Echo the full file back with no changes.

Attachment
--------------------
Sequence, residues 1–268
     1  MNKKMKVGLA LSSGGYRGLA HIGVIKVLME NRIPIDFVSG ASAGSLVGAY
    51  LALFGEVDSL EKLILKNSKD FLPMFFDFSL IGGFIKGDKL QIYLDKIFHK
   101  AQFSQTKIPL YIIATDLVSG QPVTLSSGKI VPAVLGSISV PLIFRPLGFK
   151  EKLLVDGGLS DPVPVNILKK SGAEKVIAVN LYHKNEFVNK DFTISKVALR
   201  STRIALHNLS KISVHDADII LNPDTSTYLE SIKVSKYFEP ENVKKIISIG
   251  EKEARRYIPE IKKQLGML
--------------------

Sequence, residues 1–268
     1  MNKKMKVGLA LSSGGYRGLA HIGVIKVLME NRIPIDFVSG ASAGSLVGAY
    51  LALFGEVDSL EKLILKNSKD FLPMFFDFSL IGGFIKGDKL QIYLDKIFHK
   101  AQFSQTKIPL YIIATDLVSG QPVTLSSGKI VPAVLGSISV PLIFRPLGFK
   151  EKLLVDGGLS DPVPVNILKK SGAEKVIAVN LYHKNEFVNK DFTISKVALR
   201  STRIALHNLS KISVHDADII LNPDTSTYLE SIKVSKYFEP ENVKKIISIG
   251  EKEARRYIPE IKKQLGML